- Week 3 – Two early fumbles against Buffalo doom the Vikings
- Week 5 – Cousins is strip-sacked on the final drive against the Rams
- Week 8 – Thielen fumbles in Saints territory (10-14 point swing) ; Cousins follows with a pick-six in the second half
- Week 11 – Cousins throws a pick-six against the Bears to go down by 14
In the Vikings losses, turnovers have been the story. Most notably, their three losses to the top three teams in the NFC (Rams, Saints, Bears) have all been a result of timely turnovers. With better ball security, this team has at least one more victory and a lot less criticism.
No ‘Killer Instinct’
The Vikings aren’t putting anybody away this year. Whenever they have a chance to run away with the score, they let the other team stick around. None of these instances have hurt them this season (unless you count the Thielen fumble against the Saints), but it doesn’t instill any confidence.
Whenever they seem to be up by a score late in the game, they never go down the field, score and extend the lead. They always seem to settle for a field goal or punt. On the flip side, when they are within a score and have the ball, they never come back to take the lead. In the Patriots game, there were two instances the Vikings received the ball down 10-7. They punted and kicked a field goal. Great teams get in the end zone and put some pressure on the opposition. Great teams turn a deficits into leads.
The Defense Finding Its Footing
It took a few weeks, but the defense is back in the top-5 in total defense. They are back to the unit we are accustomed to, leading the league in third-down percentage and getting off the field. There are currently injuries to be worried about, mainly in the secondary, but the defense is not holding the team back (though it was at the beginning of the season). This team needs balance. When the defense plays well, the offense plays poorly and vice versa.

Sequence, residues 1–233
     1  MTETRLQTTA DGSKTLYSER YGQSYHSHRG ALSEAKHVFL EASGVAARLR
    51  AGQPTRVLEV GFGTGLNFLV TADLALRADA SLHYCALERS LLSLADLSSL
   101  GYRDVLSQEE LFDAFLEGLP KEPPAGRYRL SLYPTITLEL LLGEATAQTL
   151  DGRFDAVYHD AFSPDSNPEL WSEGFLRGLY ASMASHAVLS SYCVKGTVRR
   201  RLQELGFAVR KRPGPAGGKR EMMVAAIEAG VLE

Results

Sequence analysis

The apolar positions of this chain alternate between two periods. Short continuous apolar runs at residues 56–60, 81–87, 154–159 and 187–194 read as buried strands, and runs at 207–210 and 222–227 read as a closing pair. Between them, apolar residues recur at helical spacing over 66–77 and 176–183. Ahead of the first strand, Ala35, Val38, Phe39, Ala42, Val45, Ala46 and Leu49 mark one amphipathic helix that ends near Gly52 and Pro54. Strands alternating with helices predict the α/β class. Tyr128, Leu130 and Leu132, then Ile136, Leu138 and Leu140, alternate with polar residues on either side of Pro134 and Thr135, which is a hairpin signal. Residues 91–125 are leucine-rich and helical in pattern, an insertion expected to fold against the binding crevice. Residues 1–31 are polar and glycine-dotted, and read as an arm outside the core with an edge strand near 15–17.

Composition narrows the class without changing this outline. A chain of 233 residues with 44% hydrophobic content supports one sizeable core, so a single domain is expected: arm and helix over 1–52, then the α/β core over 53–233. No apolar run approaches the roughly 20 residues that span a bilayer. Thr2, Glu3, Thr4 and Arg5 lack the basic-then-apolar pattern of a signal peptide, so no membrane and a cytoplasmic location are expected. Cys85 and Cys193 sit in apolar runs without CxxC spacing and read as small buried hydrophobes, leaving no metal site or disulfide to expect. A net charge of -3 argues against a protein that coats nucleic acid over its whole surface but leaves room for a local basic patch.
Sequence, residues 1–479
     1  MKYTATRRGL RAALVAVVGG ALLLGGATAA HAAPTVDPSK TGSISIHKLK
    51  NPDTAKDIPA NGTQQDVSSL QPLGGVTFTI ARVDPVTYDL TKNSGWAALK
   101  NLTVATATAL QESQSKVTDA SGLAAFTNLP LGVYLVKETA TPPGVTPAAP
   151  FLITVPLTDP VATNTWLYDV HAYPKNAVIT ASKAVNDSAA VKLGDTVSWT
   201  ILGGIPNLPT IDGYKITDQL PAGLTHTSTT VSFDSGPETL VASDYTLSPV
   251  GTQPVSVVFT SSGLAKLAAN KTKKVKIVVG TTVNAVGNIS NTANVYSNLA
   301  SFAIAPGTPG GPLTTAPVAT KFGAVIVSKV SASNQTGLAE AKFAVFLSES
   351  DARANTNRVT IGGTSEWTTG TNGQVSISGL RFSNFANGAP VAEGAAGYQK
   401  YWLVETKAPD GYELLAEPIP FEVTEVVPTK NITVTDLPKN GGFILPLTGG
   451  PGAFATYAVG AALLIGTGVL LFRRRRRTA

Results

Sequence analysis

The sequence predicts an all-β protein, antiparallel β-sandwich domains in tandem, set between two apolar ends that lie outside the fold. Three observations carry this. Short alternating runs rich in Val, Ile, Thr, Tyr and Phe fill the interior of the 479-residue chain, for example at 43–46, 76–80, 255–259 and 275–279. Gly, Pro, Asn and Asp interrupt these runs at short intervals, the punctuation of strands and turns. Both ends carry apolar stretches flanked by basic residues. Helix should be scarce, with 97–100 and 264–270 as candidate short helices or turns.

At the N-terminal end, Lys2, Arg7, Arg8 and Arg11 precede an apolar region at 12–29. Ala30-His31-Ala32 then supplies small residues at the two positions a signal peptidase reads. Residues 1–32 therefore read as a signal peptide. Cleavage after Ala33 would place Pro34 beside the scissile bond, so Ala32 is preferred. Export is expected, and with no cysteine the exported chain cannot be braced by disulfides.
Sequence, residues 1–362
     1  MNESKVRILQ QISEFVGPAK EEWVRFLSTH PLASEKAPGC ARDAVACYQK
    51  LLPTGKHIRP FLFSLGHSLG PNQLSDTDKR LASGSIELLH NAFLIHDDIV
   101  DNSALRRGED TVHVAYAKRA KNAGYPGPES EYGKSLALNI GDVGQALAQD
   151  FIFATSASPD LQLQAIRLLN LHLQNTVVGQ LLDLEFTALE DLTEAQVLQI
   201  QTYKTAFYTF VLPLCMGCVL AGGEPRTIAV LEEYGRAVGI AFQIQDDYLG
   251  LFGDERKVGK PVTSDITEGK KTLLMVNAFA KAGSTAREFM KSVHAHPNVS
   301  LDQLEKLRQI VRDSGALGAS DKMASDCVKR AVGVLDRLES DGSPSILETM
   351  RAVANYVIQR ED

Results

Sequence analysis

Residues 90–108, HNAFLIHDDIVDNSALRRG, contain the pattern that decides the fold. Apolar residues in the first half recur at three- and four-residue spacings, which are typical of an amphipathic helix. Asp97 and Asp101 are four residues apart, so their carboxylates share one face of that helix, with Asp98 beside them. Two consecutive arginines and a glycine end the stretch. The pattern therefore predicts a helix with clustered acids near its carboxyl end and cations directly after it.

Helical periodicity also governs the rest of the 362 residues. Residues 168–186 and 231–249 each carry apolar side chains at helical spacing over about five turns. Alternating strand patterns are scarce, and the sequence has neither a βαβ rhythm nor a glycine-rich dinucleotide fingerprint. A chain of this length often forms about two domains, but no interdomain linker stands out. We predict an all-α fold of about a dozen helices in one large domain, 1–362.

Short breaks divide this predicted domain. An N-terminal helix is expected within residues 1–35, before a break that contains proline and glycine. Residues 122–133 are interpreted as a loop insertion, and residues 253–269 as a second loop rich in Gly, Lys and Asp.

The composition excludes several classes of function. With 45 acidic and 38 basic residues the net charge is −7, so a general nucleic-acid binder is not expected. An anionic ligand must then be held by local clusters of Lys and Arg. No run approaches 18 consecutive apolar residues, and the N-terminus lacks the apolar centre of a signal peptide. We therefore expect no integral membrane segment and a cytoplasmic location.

What drives me crazy is how well they’ve played without winning results. The Vikings have played four games against the NFL’s top-3 quarterbacks (Aaron Rodgers, Drew Brees and Tom Brady). Combined, those quarterbacks are: 89/125 for 910 yards, 4 TDs and 2 Interceptions, an average of a 71.2% Completion Rate, 227 yards, 1 TD 0.5 INTs. Pretty damn good for the defense, except, the Vikings are 1-2-1 in those games. When you play elite quarterbacks and limit their production, you have to win those games. The Vikings are finding ways to beat themselves, and none is more evident than losing to the Bears while forcing this stat line:
At The End of the Day…
The Vikings are going to make the playoffs. If their play doesn’t improve, it may even be by default. Currently, I’m telling myself that the only way I will be excited about their playoff prospects is if they finish 4-0 with a statement win in Seattle. 4-0 likely gets you the division and a home playoff game. With the team’s inconsistencies, a 3-1 is more likely, but nothing to write home about, as the competition the last three weeks is lackluster (especially if the Bears don’t need to play their starters in Week 17). A 2-2 finish might even be enough to get them in the playoffs this year.
The Vikings aren’t playing like the team that began the season with Super Bowl aspirations. If it can clean up the areas above and be more consistent, they will be hard to beat on a week-to-week basis. Regardless of how you get there, anything can happen in the playoffs, but in order for ‘anything to happen’ this team needs a lot needs to change and the offense and defense need to better compliment each other, rather than carry one another.